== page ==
The Rougon-Macquart Series

The full title of the series is The Rougon-Macquart: the Natural and Social History of a Family under the Second Empire. The Second Empire existed from 1852 to 1870 with Napoleon III (a.k.a. Louis-Napoleon Bonaparte, Napoleon Bonaparte’s nephew) as Emperor. Zola originally planned the ten-novel cycle depicting life in the Second Empire in 1869; the series of course, subsequently grew to twenty novels and took Zola over twenty years to complete. The last novel in the series, Doctor Pascal was published in 1893.

Zola made claims that the Rougon-Macquart series was a scientific study into genealogy or heredity. It all seems a bit silly these days and people sometimes rubbish the series because the ‘scientific’ aspect was incorrect. I just ignored his claims and read the books as he still has a lot of interesting insights into human nature.

The Reading Order

Madame Vauquer has already covered the topic of the Reading Order, which I totally agree with, but I would just like to make a few points regarding the reading order:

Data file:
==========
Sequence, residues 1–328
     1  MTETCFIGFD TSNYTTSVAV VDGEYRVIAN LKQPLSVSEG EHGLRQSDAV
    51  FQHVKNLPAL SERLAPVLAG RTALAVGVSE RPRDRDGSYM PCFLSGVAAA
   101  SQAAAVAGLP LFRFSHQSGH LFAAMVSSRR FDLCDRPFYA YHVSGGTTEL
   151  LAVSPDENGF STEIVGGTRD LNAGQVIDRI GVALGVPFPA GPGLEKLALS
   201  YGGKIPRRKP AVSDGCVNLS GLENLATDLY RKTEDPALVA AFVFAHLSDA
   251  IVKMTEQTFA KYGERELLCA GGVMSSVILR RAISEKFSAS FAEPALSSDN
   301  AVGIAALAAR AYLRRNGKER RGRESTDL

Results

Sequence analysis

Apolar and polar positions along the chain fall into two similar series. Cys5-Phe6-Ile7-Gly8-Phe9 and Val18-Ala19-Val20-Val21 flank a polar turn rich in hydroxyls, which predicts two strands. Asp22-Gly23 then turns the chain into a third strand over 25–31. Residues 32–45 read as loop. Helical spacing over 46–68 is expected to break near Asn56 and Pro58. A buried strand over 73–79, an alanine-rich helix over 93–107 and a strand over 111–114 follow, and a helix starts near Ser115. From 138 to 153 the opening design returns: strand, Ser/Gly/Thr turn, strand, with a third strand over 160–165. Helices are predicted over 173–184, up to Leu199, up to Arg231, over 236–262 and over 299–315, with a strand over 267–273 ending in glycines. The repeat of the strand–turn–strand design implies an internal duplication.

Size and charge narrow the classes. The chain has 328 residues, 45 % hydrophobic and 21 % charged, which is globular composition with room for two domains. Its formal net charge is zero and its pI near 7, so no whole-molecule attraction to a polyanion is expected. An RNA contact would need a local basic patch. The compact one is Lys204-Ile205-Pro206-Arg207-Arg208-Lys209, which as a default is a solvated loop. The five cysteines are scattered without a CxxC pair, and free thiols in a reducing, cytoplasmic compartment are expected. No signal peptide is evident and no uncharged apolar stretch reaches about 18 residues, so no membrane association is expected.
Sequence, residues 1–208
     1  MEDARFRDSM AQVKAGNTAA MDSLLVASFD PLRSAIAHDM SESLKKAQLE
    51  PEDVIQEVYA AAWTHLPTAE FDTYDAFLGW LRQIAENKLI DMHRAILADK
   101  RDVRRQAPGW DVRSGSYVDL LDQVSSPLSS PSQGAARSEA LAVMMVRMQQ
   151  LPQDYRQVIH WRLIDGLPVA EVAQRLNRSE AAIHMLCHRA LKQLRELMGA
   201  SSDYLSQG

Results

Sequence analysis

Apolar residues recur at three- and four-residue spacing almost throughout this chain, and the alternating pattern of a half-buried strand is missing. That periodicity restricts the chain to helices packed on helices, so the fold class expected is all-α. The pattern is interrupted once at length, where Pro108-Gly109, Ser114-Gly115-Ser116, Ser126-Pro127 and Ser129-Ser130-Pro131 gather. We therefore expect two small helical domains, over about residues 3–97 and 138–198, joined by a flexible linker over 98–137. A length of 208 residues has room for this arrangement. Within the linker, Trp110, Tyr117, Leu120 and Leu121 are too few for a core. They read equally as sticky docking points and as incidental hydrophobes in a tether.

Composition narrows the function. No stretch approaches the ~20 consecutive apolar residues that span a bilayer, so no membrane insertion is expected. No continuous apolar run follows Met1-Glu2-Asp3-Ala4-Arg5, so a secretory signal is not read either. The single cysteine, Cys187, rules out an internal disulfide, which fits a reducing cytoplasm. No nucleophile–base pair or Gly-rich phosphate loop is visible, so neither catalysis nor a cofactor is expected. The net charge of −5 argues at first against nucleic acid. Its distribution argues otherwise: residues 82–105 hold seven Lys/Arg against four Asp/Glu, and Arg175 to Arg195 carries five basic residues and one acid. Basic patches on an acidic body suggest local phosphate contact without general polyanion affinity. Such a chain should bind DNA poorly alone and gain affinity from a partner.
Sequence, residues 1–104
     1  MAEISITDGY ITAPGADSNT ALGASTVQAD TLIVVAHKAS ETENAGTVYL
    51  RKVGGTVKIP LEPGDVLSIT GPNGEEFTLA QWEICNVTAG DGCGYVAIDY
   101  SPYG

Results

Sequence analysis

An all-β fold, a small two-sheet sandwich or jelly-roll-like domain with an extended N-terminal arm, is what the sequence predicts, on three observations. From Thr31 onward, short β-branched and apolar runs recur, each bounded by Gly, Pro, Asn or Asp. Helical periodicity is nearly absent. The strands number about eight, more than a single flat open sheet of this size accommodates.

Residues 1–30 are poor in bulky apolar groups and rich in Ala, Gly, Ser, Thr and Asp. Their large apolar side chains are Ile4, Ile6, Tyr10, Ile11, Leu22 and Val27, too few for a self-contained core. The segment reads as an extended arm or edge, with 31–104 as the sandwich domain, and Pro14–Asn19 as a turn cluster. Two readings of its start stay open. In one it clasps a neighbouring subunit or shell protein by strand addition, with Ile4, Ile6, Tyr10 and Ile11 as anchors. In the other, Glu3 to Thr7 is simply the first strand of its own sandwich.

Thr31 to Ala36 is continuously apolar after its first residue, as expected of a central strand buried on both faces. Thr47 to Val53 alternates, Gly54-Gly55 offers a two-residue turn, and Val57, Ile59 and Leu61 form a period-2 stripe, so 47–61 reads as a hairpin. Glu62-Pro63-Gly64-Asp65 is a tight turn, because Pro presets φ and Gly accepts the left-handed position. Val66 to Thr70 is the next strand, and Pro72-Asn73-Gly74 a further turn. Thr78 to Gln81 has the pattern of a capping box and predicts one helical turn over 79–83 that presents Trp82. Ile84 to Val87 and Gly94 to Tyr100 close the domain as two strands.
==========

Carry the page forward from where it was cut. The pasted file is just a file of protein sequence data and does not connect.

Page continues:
• Each novel is completely self-contained and can be read on its own with no knowledge of the other novels in the series.
  • Many people who decide to read the series either read it in publication order or some-sort of chronological order such as Zola’s recommended reading order.
  • If you are not sure if you want to read the whole series but just want to try Zola then it’s best to read a few of the ‘biggies’ first, e.g. Nana, Germinal, L’Assommoir, Pot Luck, La Bête Humaine. Of course, if you’re still interested after some of those then continue with the others.